With the new scope reticles being utilzed such as the Horace Tremor 3, and 5 etc., who is actually providing information regarding the older MIL dot type reticles that (1) Are still being used and (2) Are still being sold to the civilian populace? That's a rhetorical question, of course.

    Finally, this past week I assisted two shooters in zeroing their rifles. Both of them are still utilizing MIL dot reticles, yet had no idea about slipping scales, or getting their ACTUAL DOPE at range, meaning that just because your BDC says 3 doesn't mean it is actually a 300 yard zero for your gun and your ammo. Mine never is... not even with the Tremor series of reticles. I am always a +1 or 2.

    But I digress.

    It was my assistance to these two persons that made me realize that there might be a lack of information out there regarding the basic and advanced methods of engaging targets using MIL dot reticles. It is this potential gap that I seek to fill.

    I hope that this information provides the background as to why I, with as much experience I have am starting with MIL dot reticles and why I am providing such basic information, which I fully admit is not very new... It's for those who haven't found it but are looking for it and who have the scopes that we're discussing.

    -Krieger
     

    Krieger_Tactics

    Rip Van WInkle
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    Let me know when we get to loophole.

    Hello TacticalDillhole,

    Let me be the first to inform you... Loophole shooting is way outside of my ability. I've done it once... Long ago... It was difficult then and I'm sure that it'd be even more difficult now.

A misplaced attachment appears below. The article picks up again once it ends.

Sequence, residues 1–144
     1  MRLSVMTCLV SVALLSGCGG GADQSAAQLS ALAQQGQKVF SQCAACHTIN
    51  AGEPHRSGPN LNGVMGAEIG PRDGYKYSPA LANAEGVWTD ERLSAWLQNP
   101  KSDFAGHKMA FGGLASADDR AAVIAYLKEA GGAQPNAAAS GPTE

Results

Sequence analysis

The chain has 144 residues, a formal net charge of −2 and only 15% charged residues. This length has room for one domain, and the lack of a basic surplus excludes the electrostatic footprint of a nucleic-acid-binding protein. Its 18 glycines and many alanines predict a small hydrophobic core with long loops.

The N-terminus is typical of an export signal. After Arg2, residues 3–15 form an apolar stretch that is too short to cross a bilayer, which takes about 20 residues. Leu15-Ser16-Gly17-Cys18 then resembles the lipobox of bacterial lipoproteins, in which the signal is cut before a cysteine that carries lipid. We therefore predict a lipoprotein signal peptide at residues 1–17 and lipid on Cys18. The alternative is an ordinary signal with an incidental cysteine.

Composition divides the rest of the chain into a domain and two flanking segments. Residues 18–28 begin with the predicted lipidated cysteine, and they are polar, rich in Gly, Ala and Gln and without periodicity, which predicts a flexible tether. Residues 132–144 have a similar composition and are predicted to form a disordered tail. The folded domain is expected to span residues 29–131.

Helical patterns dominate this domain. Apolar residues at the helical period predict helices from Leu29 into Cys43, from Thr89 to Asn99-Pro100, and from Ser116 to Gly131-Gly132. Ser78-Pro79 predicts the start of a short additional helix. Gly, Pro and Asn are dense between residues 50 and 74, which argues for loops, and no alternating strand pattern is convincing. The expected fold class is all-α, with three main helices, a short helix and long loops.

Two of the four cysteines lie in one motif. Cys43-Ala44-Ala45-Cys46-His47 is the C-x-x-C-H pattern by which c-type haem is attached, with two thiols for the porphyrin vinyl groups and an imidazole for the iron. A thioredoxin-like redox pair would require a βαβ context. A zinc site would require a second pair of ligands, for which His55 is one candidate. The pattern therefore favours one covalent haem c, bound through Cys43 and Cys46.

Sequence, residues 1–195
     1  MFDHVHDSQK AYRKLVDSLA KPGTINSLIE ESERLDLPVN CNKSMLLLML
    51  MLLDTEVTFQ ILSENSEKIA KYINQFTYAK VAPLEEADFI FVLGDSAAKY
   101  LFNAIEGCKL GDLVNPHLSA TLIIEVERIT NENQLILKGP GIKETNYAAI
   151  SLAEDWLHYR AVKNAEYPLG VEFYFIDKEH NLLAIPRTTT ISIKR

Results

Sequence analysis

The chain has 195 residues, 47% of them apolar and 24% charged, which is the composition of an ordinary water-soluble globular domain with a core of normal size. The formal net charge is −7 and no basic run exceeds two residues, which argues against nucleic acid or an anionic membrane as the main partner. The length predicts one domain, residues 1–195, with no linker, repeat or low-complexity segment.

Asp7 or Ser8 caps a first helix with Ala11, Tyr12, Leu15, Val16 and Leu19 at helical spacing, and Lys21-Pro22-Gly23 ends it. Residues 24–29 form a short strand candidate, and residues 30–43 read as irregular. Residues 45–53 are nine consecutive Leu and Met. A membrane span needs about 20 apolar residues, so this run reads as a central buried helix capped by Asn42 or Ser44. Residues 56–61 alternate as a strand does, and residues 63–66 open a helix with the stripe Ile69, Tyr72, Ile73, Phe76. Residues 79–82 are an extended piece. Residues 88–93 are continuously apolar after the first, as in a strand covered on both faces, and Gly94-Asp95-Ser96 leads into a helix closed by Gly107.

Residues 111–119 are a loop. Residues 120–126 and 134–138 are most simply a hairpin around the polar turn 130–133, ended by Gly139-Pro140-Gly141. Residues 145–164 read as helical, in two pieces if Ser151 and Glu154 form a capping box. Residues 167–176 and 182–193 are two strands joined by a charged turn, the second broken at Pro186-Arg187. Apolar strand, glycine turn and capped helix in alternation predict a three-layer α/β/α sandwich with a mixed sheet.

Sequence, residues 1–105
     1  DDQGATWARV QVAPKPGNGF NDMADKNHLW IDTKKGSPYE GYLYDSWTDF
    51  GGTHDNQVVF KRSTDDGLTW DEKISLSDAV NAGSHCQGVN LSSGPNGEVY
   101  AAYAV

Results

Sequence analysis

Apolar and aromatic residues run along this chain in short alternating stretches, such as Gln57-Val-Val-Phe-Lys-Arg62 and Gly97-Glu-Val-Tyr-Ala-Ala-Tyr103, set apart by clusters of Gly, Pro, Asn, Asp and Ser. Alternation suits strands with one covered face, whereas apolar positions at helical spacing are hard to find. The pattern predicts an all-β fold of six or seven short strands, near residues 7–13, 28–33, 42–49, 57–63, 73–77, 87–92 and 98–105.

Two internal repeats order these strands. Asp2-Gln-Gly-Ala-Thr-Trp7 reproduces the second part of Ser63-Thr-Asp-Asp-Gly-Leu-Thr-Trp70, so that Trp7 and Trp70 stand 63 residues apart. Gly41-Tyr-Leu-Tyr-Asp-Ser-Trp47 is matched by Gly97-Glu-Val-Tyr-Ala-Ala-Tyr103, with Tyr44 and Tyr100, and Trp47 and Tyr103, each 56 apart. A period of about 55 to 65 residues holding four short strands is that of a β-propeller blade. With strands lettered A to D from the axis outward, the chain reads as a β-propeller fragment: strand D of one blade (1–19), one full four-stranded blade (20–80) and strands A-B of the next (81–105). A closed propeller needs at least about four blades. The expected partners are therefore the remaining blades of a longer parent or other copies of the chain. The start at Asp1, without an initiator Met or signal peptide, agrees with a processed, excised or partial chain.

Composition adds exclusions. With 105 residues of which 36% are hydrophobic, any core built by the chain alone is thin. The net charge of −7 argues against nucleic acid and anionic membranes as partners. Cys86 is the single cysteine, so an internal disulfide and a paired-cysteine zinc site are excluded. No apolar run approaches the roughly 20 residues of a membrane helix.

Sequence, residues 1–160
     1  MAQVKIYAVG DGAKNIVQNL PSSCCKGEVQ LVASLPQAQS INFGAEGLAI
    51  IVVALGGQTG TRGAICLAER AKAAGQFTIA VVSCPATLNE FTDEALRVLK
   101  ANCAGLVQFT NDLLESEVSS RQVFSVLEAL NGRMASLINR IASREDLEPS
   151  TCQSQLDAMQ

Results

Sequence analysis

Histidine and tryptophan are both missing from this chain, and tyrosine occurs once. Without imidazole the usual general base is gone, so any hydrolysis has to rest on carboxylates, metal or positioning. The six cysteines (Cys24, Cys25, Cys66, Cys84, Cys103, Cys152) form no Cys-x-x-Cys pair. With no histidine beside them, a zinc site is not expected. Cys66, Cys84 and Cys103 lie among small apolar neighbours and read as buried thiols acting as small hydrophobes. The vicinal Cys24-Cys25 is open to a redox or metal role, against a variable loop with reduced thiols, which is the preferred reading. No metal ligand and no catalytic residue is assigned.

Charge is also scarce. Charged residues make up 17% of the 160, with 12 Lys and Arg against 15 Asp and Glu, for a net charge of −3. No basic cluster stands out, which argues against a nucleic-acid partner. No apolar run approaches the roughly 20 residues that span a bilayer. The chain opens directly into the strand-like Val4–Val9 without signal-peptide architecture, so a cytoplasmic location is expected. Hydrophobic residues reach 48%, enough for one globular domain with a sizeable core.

When this series gets to loophole shooting I would be more than happy to your or anyone else's expertise in this field.

    -Krieger
     

    TheBigCountry

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    Hello Trigger Monkey,

    Your question, "
    With a background as enriched as yours why talk about a mildot reticle?", is quite valid..

    The reason why I am starting with MIL dot reticles is that, despite the military's new TTPs many civilian marksmen are still using duplex and MIL dot style reticles. In fact, if you go to the Leupold site (
    https://www.leupold.com/shop/riflescopes) and start looking at scopes you will see that the first three scopes being offered are all duplex reticles. The next three scopes all use a version of MIL dot reticles. After looking at 6 scopes I stopped searching. That's what the civilian who goes to the Leupold site finds when he or she starts looking for a scope... Duplex and MIL dot.

    With the new scope reticles being utilzed such as the Horace Tremor 3, and 5 etc., who is actually providing information regarding the older MIL dot type reticles that (1) Are still being used and (2) Are still being sold to the civilian populace? That's a rhetorical question, of course.

    Finally, this past week I assisted two shooters in zeroing their rifles. Both of them are still utilizing MIL dot reticles, yet had no idea about slipping scales, or getting their ACTUAL DOPE at range, meaning that just because your BDC says 3 doesn't mean it is actually a 300 yard zero for your gun and your ammo. Mine never is... not even with the Tremor series of reticles. I am always a +1 or 2.

    But I digress.

    It was my assistance to these two persons that made me realize that there might be a lack of information out there regarding the basic and advanced methods of engaging targets using MIL dot reticles. It is this potential gap that I seek to fill.

    I hope that this information provides the background as to why I, with as much experience I have am starting with MIL dot reticles and why I am providing such basic information, which I fully admit is not very new... It's for those who haven't found it but are looking for it and who have the scopes that we're discussing.

    -Krieger
    Mil-dots are soooo 2007. We all use this reticle here, so can you explain how you would use it in real life?

    Also, what kind of rifles were the two shooters using? Caliber? Scope?